KITTERY, Maine (NEWS CENTER) -- State Police are taking part in a national truck safety event this week, dubbed by their federal counterparts as Operation Road Check. The 72-hour effort is undertaken to make sure trucks and buses are being operated properly, are free of mechanical defects and that drivers are logging their time behind the wheel and taking breaks as required by law.
"Your average truck is going to have a violation somewhere," stated Sgt. Jason Sattler. "They put a lot of miles on their vehicles. It is not unusual for a truck to have over a million miles. When's the last time you drove your car a million miles?"
Inspectors give the majority of the trucks that pull off into the weigh areas off the Maine Turnpike a cursory inspection before sending them on their way, but others that catch their attention are pulled aside for a more thorough look.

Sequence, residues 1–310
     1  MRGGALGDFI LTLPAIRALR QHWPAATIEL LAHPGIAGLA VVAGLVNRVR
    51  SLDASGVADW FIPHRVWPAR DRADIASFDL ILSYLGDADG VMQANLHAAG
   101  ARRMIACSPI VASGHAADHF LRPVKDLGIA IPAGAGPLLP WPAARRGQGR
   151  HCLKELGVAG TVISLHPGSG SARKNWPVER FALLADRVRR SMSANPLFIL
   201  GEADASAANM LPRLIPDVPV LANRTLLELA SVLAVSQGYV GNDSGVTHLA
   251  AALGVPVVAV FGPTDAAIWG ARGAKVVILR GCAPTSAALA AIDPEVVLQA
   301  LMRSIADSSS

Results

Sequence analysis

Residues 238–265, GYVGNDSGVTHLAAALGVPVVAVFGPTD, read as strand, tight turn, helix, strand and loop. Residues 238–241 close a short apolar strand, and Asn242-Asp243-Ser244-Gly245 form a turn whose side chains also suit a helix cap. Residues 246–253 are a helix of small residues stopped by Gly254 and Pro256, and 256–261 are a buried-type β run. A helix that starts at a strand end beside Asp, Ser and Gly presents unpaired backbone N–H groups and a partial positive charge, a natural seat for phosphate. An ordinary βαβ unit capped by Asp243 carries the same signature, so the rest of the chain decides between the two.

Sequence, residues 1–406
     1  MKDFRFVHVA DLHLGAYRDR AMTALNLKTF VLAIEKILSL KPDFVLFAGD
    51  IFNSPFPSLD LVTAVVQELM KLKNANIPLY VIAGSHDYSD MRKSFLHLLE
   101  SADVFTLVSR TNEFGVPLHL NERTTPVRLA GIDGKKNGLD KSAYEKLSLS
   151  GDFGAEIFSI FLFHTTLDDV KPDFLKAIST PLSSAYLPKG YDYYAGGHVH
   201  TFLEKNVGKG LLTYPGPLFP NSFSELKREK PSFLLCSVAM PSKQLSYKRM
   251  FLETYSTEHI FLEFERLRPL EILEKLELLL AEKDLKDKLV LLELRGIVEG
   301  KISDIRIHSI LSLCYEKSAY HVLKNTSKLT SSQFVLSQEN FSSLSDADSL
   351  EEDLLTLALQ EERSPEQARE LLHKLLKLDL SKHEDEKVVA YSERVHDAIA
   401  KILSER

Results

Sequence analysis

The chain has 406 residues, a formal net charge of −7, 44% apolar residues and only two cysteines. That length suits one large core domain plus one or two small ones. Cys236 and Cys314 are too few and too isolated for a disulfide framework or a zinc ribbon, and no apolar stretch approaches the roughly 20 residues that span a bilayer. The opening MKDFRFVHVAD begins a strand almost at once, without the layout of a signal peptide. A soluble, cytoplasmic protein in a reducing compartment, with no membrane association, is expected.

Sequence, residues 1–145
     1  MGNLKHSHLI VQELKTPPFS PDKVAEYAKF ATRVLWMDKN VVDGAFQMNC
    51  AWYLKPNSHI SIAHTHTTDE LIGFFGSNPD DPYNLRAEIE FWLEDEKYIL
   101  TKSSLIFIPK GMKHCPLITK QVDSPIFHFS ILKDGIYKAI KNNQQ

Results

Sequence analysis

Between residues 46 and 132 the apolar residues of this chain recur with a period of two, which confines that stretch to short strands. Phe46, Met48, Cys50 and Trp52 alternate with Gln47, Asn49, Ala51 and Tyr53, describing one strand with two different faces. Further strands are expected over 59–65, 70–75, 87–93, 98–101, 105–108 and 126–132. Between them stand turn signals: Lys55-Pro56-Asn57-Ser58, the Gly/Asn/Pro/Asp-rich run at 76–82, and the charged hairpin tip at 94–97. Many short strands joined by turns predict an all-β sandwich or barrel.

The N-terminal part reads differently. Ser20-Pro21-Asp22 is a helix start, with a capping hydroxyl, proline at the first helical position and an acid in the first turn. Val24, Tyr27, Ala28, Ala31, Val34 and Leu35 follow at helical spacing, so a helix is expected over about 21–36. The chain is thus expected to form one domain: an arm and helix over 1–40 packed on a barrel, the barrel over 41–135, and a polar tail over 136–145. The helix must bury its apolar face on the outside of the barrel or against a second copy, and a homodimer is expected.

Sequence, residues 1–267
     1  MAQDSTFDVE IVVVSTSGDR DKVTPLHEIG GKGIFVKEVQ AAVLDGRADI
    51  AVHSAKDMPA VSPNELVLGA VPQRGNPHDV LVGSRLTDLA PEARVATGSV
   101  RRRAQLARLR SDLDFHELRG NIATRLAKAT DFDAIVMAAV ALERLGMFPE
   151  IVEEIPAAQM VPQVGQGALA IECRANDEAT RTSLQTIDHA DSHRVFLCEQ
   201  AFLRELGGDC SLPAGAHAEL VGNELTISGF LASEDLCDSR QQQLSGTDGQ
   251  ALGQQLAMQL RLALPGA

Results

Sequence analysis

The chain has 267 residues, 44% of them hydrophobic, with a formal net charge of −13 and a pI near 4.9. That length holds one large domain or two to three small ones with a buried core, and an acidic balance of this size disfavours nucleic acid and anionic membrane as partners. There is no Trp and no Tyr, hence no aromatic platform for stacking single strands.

"If I can get out and walk around their truck for five minutes and I can find two or three things wrong, they should be able to find the same thing, just by walking around," Sattler explained. He says most drivers will be warned about minor infractions and told to make repairs soon. Some vehicles with more serious defects are fixed on the spot or towed to a shop.
The trucks are not the only thing scrutinized by inspectors.
"We inspect the driver for all their credentials, make sure their logbooks are up to date, and that they are not cheating," said Sattler.
"Drivers can be anybody in society," he added. "I mean, some guys are going to have warrants, people will come in here with drugs, people will come in here that are drunk. You might have illegal immigrants in the back of these trucks, you might have illegal immigrants driving these trucks."
State Police estimate they will inspect more than 10,000 trucks during Operation Road Check.
"My job is to make sure your family doesn't get hurt and the driver doesn't get hurt as well," said Sattler.